In Memoriam: Remembers Those We Lost in 2010

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31 Dec 2010

Two members of a dynastic British stage family. Two-thirds of the writing team that created Fiddler on the Roof. Two indefatigable chroniclers of the theatre. The man who brought Oh! Calcutta! to the stage. One of the last Ziegfeld Girls. One of the last surviving stars of the Yiddish Theatre. And Baby June. The theatre lost these and many other lights during 2010.

Respectively, Corin and Lynn Redgrave, Jerry Bock and Joseph Stein, Michael Kuchwara and John Willis, Hillard Elkins, Doris Eaton Travis and Mina Bern were among theatre people we lost in 2010. As 2011 dawns, now looks back to reflect on the contributions of theatre folk who died in the past calendar year.

Some names you know, some had no international profile. They all made an impact. Whether their contributions were felt locally, regionally, nationally or around the world, the writers, producers, advocates, actors, composers, musicians, lyricists, directors, technicians and designers of the following list contributed to the welfare of the art form.

Full stories are archived in's Obituaries section.


Marcia Lewis

Marcia Lewis, 72, the belting musical theatre character actress of Grease! and Chicago, Dec. 21, in Nashville.

Blake Edwards, 88, the prolific film director who brought his movie "Victor/Victoria" to the Broadway stage, Dec. 16, in Santa Monica, CA.

Domini Blythe, 63, a member of the Stratford Festival's acting company for 11 seasons over a 30-year period between 1976 and 2006, on Dec. 15 in Montreal.

Donald H. Josephson, 82 a prominent theatrical advertising executive during the Golden Age of Broadway, Dec. 8, in Manhattan.

Lawrence Dolin, 67, founder of Cleveland's Front Row Theater, on Dec. 6 in Cleveland.

Hillard Elkins, 81 a producer and talent agent who brought the landmark nude revue Oh! Calcutta! to Broadway, on Dec. 1 in Los Angeles.

Leslie Nielsen, 84, the "Airplane!" and "Naked Gun" star who spent the second, more-successful half of his bisected performing career sending up the serious parts he specialized in the first half of his career, on Nov. 28, in Florida.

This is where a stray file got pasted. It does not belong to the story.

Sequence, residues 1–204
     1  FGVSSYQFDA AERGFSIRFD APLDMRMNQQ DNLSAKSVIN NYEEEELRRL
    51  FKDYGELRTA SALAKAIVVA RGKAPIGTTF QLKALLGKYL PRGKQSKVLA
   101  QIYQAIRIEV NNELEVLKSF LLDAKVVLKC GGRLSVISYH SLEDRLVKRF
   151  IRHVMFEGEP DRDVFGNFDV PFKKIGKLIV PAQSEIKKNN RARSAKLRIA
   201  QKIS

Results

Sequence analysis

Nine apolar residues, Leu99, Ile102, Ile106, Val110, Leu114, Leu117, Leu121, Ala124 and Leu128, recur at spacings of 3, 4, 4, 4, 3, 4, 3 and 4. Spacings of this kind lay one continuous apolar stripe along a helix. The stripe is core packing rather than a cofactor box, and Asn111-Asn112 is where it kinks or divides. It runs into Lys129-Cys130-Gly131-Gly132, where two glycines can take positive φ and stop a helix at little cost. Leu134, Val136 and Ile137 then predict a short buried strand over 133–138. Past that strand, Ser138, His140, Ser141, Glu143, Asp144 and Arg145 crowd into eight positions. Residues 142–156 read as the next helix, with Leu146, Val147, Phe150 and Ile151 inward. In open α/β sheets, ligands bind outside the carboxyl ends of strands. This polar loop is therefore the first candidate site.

Oscar Brockett, 87, a prominent theatre historian who authored the ubiquitous college text "History of the Theatre," on Nov. 6 in Austin, TX

Jill Clayburgh
photo by Joseph Marzullo/WENN

Jill Clayburgh, 66, an Oscar nominee for "An Unmarried Woman" whose short spell of film superstardom as a 1970s symbol of female liberation was framed on either side by several prominent stage turns, on Nov. 5 at her home in Lakeville, CT.


Noel Taylor, 97, who designed the costumes for dozens of Broadway shows, including some of the most popular productions of the 1950s, on Nov. 4 in Los Angeles.


Jerry Bock, who composed the indelible score to Fiddler on the Roof, and collaborated with longtime creative partner, lyricist Sheldon Harnick, on many other shows during a prolific 15 years beginning in 1956, on Nov. 3 in Westchester County, NY.

Shannon Tavarez, 11, the young actress who appeared as Young Nala in The Lion King on Broadway, and lost her battle with leukemia, on Nov. 1 at the Cohen Children's Medical Center in New York.

James MacArthur, 72, the actor son of late actress Helen Hayes and famed playwright Charles MacArthur, on Oct. 28 in Florida.

Joseph Stein, 98, the veteran musical librettist who penned the books to such shows as Fiddler on the Roof and Zorba, on Oct. 24 in Manhattan.

Tom Bosley

Tom Bosley, 83, the Broadway character actor who won a 1960 Tony Award for playing Mayor LaGuardia in the Pulitzer Prize-winning musical Fiorello!, and later became a TV star on "Happy Days," on Oct. 19 in Palm Springs, CA.

Simon MacCorkindale, 58, the dashing British actor of stage and television, on Oct. 15 in London. He was 58.

Arthur Penn, 88, a serious-minded director who left a significant mark in both film and theatre with works like "Bonnie and Clyde," "Little Big Man," Two for the Seesaw and The Miracle Worker, on Sept. 28, at his home in New York City

James Stovall, 52 a Broadway actor who worked with Bob Fosse and acted in the original production of Ragtime, on Sept. 26 at a hospital in Manhattan.

Frank Bayer, 74, a production manager with many Broadway credits, on Sept. 22 at the Actors' Fund Medical Center in Englewood, NJ.


Kevin McCarthy

Kevin McCarthy, 96 who, while never attaining the status of a star, worked steadily on stage and in film for nearly seven decades, on Sept. 11 at the Cape Cod Hospital in Hyannis.

Harold Gould, 86, noted character actor known for his work on "Rhoda," Broadway and Off-Broadway, on Sept. 11 in Los Angeles.

John W. Kluge, 95, the German-born, self-made billionaire who at one time owned Playbill magazine, on Sept. 7 in.

George David Weiss, 89, the author of "The Lion Sleeps Tonight" and composer of a few lesser-known Broadway musicals, on Aug. 23 at his home in Oldwick, NJ.

Suzanne Grossman, 71, an actress and writer who performed in the original 1966 Broadway production of The Lion in Winter, on Aug. 19 in Los Angeles.

Audrey M. Ashley, 83, one of the major theatre critics of 20th-century Canadian theatre, on Aug. 16 in her Stratford, Ontario, home.

Paul Ryan Rudd, 70, an actor who for a brief period in the 1970s and 1980s was a leading player on Broadway and interpreter of Shakespeare, on Aug. 12 at his home in Greenwich, CT.


Tab Baker, 50, a Chicago stage actor, on Aug. 9 in his Chicago home.


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